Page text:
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Merkley slams Trump plan to ‘ignore climate impacts’

Oregon Sen. Jeff Merkley 1-8-20
Oregon Sen. Jeff Merkley.

 WASHINGTON (KTVZ) -- Sen. Jeff Merkley, D-Ore., released the following statement Thursday after the Trump administration announced proposed changes to National Environmental Policy Act guidelines and indicated that federal agencies would not be allowed to consider climate impacts when evaluating the environmental impacts of federal infrastructure projects:

“With this directive, President Trump is effectively ordering the U.S. to turn a blind eye while the world burns. These changes to one of the nation’s bedrock environmental laws will undoubtedly worsen our climate crisis and weaken critical safeguards for air, water, and endangered species.

“Climate chaos is no longer a far-off prediction contained in algorithms and computer models about the future. From massive wildfires to megastorms to droughts and flooding, it’s clear that climate chaos has arrived—and, terrifyingly, this is only the beginning.

“Our only hope to save our way of life is to act boldly and quickly to transition from fossil fuels to a clean and renewable energy economy.

"Clearly, President Trump is more determined to protect the paychecks of oil and gas CEOs than to stand up for the health and prosperity of working Americans. Burying our heads in the tar sands to push forward polluting fossil fuel projects is the most dangerous action we can possibly take at this juncture in history. It’s time for Americans who care about our future to band together and demand a government that will act on climate.”

NEPA, signed into law by President Nixon in 1970, requires the federal government to prepare detailed analyses of projects that could have significant environmental effects, including long-term impacts that courts have said include climate change. 

Environment / News

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  1. you almost sound like a watchtower pamphlet jefro. we’ve always had these disasters of which you speak, since the beginning of time. the only reason forest fires are worse recently is because the PNW forests have been neglected for decades. instead of pretending like your saving the world why don’t you start focusing on what you can do for Oregon, the job you’re getting paid for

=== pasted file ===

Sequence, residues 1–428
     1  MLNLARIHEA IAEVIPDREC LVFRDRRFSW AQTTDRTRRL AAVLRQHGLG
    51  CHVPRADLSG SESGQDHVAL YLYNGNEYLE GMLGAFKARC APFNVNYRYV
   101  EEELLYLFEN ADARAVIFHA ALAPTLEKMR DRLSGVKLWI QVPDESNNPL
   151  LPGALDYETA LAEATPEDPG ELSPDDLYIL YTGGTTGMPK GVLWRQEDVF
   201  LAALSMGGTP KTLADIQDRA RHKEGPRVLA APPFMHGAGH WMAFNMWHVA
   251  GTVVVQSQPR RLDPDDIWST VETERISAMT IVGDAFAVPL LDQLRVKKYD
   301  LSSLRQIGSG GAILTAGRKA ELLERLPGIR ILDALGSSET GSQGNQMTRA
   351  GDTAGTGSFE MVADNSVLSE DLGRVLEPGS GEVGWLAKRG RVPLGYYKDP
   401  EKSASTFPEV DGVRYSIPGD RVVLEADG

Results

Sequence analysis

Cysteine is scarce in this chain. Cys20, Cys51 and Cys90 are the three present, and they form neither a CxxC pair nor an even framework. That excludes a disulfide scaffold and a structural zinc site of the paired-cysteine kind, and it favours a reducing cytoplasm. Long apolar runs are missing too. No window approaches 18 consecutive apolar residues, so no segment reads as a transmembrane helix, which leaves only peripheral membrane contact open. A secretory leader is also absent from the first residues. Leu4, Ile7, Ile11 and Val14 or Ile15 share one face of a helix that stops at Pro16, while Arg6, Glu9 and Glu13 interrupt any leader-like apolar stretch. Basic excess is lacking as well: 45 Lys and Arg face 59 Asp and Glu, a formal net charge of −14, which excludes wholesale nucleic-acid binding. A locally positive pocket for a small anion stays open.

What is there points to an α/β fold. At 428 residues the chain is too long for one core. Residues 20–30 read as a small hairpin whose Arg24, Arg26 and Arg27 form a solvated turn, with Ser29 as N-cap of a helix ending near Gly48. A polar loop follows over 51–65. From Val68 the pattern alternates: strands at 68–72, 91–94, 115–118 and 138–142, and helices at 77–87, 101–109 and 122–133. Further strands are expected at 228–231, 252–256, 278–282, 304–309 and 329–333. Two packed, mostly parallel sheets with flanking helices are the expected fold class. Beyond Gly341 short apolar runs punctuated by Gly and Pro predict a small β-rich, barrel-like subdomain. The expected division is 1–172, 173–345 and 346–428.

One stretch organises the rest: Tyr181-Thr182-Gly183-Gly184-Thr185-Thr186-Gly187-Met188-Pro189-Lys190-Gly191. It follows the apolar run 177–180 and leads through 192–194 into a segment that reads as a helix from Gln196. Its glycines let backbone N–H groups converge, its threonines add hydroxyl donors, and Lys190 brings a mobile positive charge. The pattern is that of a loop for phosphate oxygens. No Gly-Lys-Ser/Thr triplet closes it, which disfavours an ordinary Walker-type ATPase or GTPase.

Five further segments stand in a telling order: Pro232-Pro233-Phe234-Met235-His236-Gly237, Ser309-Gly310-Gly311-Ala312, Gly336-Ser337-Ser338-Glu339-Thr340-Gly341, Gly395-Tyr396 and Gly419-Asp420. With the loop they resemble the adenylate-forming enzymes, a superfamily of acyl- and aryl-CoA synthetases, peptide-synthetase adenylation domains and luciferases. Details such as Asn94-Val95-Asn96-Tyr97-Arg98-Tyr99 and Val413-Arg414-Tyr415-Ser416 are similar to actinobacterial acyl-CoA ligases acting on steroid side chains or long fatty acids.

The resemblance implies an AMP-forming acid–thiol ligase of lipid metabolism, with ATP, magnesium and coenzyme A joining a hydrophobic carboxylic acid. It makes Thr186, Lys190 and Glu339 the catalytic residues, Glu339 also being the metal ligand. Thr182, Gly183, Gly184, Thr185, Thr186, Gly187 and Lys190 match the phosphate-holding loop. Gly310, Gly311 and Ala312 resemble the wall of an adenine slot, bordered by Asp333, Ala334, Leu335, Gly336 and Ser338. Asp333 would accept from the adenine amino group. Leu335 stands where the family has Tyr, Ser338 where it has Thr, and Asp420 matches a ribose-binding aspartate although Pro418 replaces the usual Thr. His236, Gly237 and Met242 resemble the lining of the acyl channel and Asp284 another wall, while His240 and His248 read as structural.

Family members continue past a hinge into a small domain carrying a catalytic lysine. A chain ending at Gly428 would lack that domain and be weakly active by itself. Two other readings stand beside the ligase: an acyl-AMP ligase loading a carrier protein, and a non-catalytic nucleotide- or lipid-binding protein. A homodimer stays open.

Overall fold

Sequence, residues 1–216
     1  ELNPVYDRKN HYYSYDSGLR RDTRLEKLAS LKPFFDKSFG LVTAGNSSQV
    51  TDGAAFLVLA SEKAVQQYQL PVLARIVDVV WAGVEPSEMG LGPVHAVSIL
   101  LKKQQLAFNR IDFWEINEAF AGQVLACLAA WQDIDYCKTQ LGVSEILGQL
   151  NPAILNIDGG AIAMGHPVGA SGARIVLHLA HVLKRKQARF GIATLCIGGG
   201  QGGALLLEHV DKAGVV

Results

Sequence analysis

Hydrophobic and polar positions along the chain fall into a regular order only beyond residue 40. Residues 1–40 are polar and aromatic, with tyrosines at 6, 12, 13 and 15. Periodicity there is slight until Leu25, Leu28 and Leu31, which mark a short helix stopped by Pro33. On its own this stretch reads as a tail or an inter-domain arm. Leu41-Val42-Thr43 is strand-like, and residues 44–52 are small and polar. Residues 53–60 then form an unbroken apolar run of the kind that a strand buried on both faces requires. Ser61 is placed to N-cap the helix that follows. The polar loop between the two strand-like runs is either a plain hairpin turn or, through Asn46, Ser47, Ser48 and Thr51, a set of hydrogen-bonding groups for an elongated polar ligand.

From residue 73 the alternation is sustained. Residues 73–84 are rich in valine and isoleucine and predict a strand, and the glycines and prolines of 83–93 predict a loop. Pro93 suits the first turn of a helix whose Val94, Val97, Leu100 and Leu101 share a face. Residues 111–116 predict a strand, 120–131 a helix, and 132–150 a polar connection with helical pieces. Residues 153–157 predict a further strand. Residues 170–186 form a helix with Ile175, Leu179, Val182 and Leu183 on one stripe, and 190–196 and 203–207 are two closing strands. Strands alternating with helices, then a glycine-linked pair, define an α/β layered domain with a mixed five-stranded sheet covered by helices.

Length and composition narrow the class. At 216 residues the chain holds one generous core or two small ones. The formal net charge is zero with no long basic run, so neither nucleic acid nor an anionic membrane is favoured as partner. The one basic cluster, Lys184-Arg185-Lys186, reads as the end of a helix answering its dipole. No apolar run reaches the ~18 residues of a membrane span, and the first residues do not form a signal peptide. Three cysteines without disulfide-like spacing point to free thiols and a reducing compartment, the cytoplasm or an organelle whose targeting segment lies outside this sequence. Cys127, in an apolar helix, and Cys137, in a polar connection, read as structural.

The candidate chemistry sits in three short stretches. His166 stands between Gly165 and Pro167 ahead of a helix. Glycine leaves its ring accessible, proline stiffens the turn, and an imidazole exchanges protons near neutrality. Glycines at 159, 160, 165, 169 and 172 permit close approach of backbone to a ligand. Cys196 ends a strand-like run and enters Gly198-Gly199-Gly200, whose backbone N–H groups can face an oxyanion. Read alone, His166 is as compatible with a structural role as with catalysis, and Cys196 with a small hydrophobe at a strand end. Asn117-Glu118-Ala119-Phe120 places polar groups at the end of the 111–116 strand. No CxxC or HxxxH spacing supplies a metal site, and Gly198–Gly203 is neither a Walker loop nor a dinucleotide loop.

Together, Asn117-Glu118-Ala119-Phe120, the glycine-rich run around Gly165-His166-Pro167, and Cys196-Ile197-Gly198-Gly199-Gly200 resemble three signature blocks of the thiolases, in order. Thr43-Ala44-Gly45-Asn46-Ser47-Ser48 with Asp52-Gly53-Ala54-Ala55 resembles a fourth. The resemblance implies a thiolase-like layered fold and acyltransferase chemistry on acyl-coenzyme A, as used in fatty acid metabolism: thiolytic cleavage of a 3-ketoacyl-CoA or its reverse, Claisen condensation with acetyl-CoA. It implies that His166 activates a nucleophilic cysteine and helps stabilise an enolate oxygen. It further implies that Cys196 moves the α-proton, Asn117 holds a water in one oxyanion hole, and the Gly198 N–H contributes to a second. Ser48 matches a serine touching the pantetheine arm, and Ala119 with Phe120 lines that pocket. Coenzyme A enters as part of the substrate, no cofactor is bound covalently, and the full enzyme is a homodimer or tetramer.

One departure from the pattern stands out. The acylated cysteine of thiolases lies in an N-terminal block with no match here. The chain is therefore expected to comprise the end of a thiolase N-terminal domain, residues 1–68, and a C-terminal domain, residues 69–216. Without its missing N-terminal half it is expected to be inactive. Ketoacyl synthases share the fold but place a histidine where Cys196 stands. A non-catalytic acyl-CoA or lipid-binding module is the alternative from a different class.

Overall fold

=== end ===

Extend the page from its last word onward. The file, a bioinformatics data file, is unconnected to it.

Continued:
2. “Our only hope to save our way of life is to act boldly and quickly to transition from fossil fuels to a clean and renewable energy economy”

    Give it a rest Merkley and stop lying to people…You people have been saying this for years because it makes the liberals feel good, it’s easy to say, and it makes some people think
    you actually have a plan to change something that you can’t change.
    There is nothing wrong with people wanting to make the world a better place, but misinformation doesn’t help anyone. At least have the stones to publicly say, climate change has been happening for many years, and we can’t redirect natures course.
    Of course the beautiful people with their electric cars think they are changing the world but in reality all they did was pay a lot of money for a vehicle that has limits, and is a pain in the butt…

  3. Good to see Merkeley is following the directives of using scarier sounding alarmist terms developed by the marketing team of Aaron Hall.
    “Climate Collapse” and “Climate Chaos,” on the other hand, “instill a clear message or even a direct call to action,” Hall notes, adding that “there’s nothing neutral about collapse or chaos. Sometimes a brand name needs to be hyperbolic to truly capture hearts and minds. If we don’t take massive action now, Earth will be uninhabitable — an irreversible barren wasteland,” he insists. “‘Scorched Earth’ paints the direst picture of what’s to come and what we must avoid and is likely the edgiest brand name from our exploration.”

    “Whatever we call it, impending climate doom is upon us if we don’t act quickly,” Hall concludes. “Perhaps a new name will shift the needle, even if just a little.”

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